Moreover, the development team finished implementing the correct experience and trait levels into missions for Kerbals, and is working on additional Nodes to be included in the Mission Builder. These include the following:

  • Action Camera Mode Node: This will be an action node that will allow mission creators to toggle the camera mode during mission. An example of how this could be used is to create a sort of cutscene within the flow of a mission.
  • Test Velocity Node: With this simple node, we want to include the ability to test a vessel’s velocity. We’ll allow Creators to choose between Orbital and Surface modes.
  • Create Flag Node: By using Create Flag Node, Creators will be able to place a flag on any planet’s surface. We’re adding the ability to select the Flag, and include a message and description to it.
  • Test Vessel Distance Node: This node gives the ability to test the distance from a vessel to another object.

This week we finished merging in the last of the code and models for Engine clusters and Structural Tubes into the game, so it’s time to get into some more detail on how these work.

Engine plates come in sizes from 1.875 through 5m, and the player can independently select from several node configurations (single, double, triple, quad, 6x1, and 8x1) with symmetry support.  The plates also include mesh switching that allow for up to five different lengths per engine plate.

One design consideration was to not penalize players for using the new engine plates (both in terms of mass and part count).  So they will have a relatively low mass (since they essentially take the place of the normal engine fairings), and will also have a bottom decoupler built in, so the behavior would be very similar to the normal practice of putting an engine on top of a decoupler, except now you will be able to have this behavior for an entire cluster of engines.  Of course, everyone likes part pictures, so here are some examples of the new engine plates, using both old and new engines

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We also took all of the new engine shrouds (25 in total) and will be providing a set of mesh-switchable structural tubes, suitable for boat tails and other creative uses. These come in sizes from 1.25m through 5m, each with five selectable lengths.  They all have inward and outward facing nodes on both the top and bottom, and are completely hollow for all of the makers out there. It’s important to mention that these features are still being tested and may still to go through some additional changes.

We’re hoping that this new trove of structural elements will really unlock some creative opportunities for our players, and we had a lot of fun making and testing them too, as shown in this test footage

Finally, we remind you that you still have another week to participate in our latest KSP Challenge - Target Practice. So go check it out and share your creations!

That’s it for this week. Be sure to join us on our official forums, and don’t forget to follow us on Twitter and Facebook. Stay tuned for more exciting and upcoming news and development updates!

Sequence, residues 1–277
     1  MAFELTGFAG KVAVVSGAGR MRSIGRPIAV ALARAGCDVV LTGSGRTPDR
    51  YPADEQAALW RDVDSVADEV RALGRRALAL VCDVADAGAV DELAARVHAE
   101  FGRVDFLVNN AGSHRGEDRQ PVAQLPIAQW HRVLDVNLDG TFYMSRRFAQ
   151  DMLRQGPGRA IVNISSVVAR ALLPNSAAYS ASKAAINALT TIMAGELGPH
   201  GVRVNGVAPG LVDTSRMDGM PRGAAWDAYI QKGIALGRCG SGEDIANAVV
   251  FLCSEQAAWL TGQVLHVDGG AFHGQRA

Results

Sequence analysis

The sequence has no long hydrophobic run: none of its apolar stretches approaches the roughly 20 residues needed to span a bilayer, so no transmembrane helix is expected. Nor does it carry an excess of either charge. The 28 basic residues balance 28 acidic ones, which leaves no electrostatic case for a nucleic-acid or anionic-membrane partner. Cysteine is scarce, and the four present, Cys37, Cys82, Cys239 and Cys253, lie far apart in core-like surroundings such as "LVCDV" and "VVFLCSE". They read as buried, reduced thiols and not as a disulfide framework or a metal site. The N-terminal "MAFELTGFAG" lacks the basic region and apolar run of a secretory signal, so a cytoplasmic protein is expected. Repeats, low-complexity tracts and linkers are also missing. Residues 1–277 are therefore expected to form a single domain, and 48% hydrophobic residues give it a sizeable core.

Happy launchings!

 

 

 

 

*Information Sources:

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first :P

Also I love those new shrouds . Especially the small one; I could see a lot of gemini-alike designs being made with that.

 

 

Edited by Third_OfFive
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Will we be able to surface-attach things to structural tubes?

EDIT: Didn’t watch the gif, sorry. Turns out we will. That’s great, and can alleviate the issue of not having extra large landing legs.

Edited by sh1pman
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Ah, the shrouds make sense now. Not quite sure how the plate decoupler works with the shroud but I'm sure it will all make sense in time.

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43 minutes ago, SQUAD said:

In 1965, Young flew on the first manned Gemini mission with Gus Grissom. He somehow managed to smuggle a corned beef sandwich onto the spacecraft, a feat for which he was reprimanded, even though it was probably far more delicious than the food on board. Some members of the US House of Representatives were not pleased about the stunt, claiming that Young cost taxpayers millions of dollars by disrupting a scheduled test of space food during the flight. Despite this stunt, he commanded another Gemini mission the next year with no reports of corned beef smuggling, though he may have gotten better at hiding food this time around.

Now THAT is truly kerbal!!! 

Screw the taxpayers... I'm takin' some real food!!! :D

Edited by Just Jim
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1 hour ago, SQUAD said:

Engine plates come in sizes from 1.85 through 5m,

Please confirm that this is a typo and you mean 1.875m instead of 1.85m.

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1 hour ago, SQUAD said:

1.85

I heard rumors you made a typo, just rumors, but i want to know if they're true or not

EDIT: well, ninjad again

Edited by DeltaDizzy

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You know, will consoles get a making history dlc

 

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40 minutes ago, Just Jim said:

Now THAT is truly kerbal!!! 

Screw the taxpayers... I'm takin' some real food!!! :D

In his memoir (a wonderful read) he stated that his was not the first sandwich in space, he knew for a fact it was at least the third.  

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The history repeats itself for the first time as a tragedy, and the second time as a farce... Again we wait for the console patch. But this time I was already learned by the bitter experience of the previous release, which I had to sell with my US-account and retrive a lot percents of losses. Now I will buy the game only when these ugly low-res textures of the planets and their surfaces will be replaced.

Edited by Kerbuvim

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1 minute ago, Kerbuvim said: